We use your evidence to fight for fairer pay for associates, practice owners, community dentists (PDS in Scotland), and we call for pay parity for dental clinical academics.
We work across England, Northern Ireland, Scotland and Wales, and provide evidence to the Governments on your behalf.
For 2020/2021 we are calling for an above inflation rise for all dental practitioners, to counteract the decade of pay cuts dentists' have faced.
We need NHS dentistry to grow and for that, dentists and their practices, or clinics, need more sustainable investment.
We argued forcefully this year that NHS and Health Service dentistry needs to be placed on a sustainable footing, if it is to continue.
This year we gave specific evidence focused on:
- General Dental Practice
- Community Dental Services (including PDS in Scotland)
- Clinical Academic Staff
What happened for the 2019/20 pay uplifts?
For England, the Department announced a 2.42% uplift on contracts backdated to April 2019 and which will appear on October schedules. This will apply to all GDS contracts and PDS agreements. Following consultation with the BDA, we asked for parity with Wales and Scotland of 2.5% but the Department and HM Treasury will only calculate the formulae in England using CPI not RPI.
Dentists on national pay scales (hospital dentists) should have received a 2.5% increase on salary scales also backdated to April 2019.
In Wales and Scotland – the uplift on pay and expenses will be 2.5% calculated using RPI.
The Health Minister in Northern Ireland wrote to us in March 2020 to announce he would be implementing the 2.5% uplift and backdating to April 2019.
How is dentists' pay decided?
The independent body responsible for making recommendations on pay is called the Review Body on Doctors' and Dentists' Remuneration (known as DDRB).
Each year, they are asked by the Government(s) to make a recommendation for setting levels of pay, based on evidence of recruitment/retention, morale and motivation in the profession.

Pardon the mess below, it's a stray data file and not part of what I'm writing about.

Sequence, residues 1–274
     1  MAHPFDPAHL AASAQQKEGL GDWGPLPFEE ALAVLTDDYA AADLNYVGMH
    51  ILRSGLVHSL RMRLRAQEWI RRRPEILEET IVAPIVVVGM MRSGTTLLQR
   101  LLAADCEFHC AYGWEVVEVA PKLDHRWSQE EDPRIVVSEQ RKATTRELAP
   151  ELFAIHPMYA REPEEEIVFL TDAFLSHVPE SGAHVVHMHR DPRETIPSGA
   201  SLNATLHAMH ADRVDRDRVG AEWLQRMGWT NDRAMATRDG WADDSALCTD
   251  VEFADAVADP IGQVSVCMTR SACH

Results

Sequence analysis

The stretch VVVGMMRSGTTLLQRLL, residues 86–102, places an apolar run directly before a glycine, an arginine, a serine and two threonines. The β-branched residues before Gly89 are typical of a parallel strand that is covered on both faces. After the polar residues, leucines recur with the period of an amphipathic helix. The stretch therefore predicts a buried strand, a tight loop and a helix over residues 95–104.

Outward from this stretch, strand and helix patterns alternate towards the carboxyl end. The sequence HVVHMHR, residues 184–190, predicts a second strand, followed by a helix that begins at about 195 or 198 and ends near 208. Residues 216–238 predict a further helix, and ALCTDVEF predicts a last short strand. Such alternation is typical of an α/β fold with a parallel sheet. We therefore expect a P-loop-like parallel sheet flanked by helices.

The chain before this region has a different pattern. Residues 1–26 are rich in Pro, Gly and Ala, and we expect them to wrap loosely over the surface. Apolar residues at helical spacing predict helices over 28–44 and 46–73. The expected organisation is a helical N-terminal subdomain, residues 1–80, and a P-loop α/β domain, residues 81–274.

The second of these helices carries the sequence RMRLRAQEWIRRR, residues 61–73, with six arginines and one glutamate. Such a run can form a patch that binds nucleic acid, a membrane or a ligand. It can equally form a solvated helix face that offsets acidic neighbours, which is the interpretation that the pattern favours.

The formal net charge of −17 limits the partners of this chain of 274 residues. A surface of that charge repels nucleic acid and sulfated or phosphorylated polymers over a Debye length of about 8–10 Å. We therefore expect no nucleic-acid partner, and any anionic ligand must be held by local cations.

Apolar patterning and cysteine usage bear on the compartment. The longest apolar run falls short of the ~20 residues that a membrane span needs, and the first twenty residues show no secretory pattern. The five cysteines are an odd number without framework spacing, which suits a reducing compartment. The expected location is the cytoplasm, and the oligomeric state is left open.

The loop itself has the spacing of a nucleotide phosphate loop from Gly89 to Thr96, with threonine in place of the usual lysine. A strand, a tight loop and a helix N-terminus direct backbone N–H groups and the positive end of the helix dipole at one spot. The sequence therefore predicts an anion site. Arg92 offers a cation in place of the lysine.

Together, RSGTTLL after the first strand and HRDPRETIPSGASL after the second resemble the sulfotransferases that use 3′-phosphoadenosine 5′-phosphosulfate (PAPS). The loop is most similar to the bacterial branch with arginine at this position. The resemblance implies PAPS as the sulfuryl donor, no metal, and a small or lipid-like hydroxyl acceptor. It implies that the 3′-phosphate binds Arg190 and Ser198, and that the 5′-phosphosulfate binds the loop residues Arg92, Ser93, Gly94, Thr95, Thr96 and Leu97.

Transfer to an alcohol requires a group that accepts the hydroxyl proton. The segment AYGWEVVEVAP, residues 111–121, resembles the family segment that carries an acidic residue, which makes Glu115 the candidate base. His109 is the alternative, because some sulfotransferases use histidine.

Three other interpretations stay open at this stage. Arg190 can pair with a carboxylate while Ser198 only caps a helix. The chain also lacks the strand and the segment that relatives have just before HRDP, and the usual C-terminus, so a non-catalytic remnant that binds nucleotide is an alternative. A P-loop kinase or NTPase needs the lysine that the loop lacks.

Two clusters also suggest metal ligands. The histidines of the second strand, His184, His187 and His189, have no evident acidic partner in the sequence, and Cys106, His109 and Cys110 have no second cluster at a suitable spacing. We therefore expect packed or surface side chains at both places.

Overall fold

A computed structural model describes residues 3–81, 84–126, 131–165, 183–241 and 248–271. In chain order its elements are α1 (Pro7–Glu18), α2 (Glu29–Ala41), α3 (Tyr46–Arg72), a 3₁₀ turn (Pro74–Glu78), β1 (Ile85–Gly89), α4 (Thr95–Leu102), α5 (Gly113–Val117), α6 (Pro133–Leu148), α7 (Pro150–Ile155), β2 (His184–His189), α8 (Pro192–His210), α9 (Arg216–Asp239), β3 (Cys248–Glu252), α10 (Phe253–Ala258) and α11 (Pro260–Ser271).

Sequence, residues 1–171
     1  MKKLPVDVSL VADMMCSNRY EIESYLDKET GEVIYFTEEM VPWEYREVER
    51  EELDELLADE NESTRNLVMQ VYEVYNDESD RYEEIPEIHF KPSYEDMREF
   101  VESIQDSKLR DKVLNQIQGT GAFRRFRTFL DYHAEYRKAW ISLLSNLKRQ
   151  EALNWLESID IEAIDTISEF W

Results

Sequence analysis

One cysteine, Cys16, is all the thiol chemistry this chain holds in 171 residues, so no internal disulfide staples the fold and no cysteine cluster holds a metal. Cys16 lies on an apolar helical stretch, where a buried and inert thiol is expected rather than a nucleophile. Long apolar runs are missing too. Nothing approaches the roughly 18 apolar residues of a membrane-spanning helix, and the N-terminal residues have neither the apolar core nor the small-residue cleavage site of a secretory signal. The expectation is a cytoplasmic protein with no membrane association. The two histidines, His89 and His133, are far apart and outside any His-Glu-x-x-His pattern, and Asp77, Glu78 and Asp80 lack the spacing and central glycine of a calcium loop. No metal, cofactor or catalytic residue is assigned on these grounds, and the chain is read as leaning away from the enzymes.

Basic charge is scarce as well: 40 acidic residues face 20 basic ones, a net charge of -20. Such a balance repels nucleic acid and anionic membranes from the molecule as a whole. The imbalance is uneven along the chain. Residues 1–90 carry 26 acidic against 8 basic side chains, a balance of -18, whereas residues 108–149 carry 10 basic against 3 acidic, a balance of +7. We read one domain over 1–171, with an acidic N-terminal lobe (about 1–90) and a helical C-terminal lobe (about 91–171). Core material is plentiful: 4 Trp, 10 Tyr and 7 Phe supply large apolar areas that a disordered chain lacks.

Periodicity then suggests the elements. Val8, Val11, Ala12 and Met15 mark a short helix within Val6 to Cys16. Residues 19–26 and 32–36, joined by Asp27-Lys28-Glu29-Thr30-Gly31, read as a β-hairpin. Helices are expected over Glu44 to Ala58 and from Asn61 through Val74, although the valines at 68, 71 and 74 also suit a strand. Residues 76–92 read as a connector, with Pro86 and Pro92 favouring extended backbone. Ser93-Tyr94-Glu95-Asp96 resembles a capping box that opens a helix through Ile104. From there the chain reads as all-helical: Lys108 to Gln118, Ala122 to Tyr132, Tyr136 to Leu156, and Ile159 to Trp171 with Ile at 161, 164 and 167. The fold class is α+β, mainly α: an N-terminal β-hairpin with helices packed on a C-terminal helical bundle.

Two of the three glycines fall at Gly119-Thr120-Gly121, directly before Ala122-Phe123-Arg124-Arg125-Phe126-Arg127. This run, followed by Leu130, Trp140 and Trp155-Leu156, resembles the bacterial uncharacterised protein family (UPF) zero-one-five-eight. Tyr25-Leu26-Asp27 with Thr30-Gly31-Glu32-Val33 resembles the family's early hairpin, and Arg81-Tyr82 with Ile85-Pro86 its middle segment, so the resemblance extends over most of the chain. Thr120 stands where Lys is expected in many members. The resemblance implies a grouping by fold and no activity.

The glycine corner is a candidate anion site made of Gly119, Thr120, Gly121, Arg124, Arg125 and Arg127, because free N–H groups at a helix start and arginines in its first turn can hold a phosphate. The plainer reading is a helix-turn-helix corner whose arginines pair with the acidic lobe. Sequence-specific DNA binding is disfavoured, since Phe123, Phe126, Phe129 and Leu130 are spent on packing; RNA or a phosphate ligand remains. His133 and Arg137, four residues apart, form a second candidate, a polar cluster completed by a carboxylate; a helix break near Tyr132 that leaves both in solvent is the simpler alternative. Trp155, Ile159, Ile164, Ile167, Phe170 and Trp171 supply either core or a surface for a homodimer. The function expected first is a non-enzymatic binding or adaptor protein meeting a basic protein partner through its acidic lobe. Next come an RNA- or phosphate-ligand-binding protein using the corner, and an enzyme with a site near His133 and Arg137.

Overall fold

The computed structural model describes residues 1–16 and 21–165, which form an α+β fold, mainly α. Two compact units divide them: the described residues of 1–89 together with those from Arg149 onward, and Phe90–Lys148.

In the summer each year, the Secretary to the Treasury writes to the DDRB outlining the Government's approach to pay.
To formally open the next round of evidence submissions, the Secretary of State for Health issues a letter to the DDRB, formally opening the process and outlining their remit for England, and the other UK Governments' do the same.
These remit letters advise the DDRB of the areas it wishes the them to make a recommendation on, and any special areas of consideration (i.e. how much budget is available).
The DDRB then ask all the groups and organisations affected by the process to submit evidence usually in September. All parties submit their evidence and publish on their own websites.
The DDRB then takes oral evidence sessions from the groups and organisations, two months after written submissions are received.
Current and previous recommendations and evidence: Review Body on Doctors' and Dentists'.
NHS dental contract clawback
Where contracts in England under-deliver on their target UDAs by more than 4%, this money is clawed back by NHS England.
In recent years, the amount clawed back has increased from £54.5 million in 2015/16 to £81.5 million in 2016/17 and £88.8 million in 2017/18 and in Wales £20 million has been lost from NHS dental services.
We are investigating the reasons for this, and the underlying issues with dentists fulfilling their contracts, including issues with recruitment, pressures from regulation, patient access, low UDA values, and the feasibility of working under NHS dental contracts.
We will continue to push for a reformed NHS dental contract that works for the profession and their patients.
What does the BDA do?
Each year, we gather a huge amount of evidence from all areas of the profession, including surveying associates and practice owners, community dentists and other groups, as well as using evidence from Freedom of Information Act requests and official sources of data, to help make the case for dentistry.
Keep up to date
Read our blogs to find out what we are doing in each of the four UK countries to fight for fairer pay for dentists.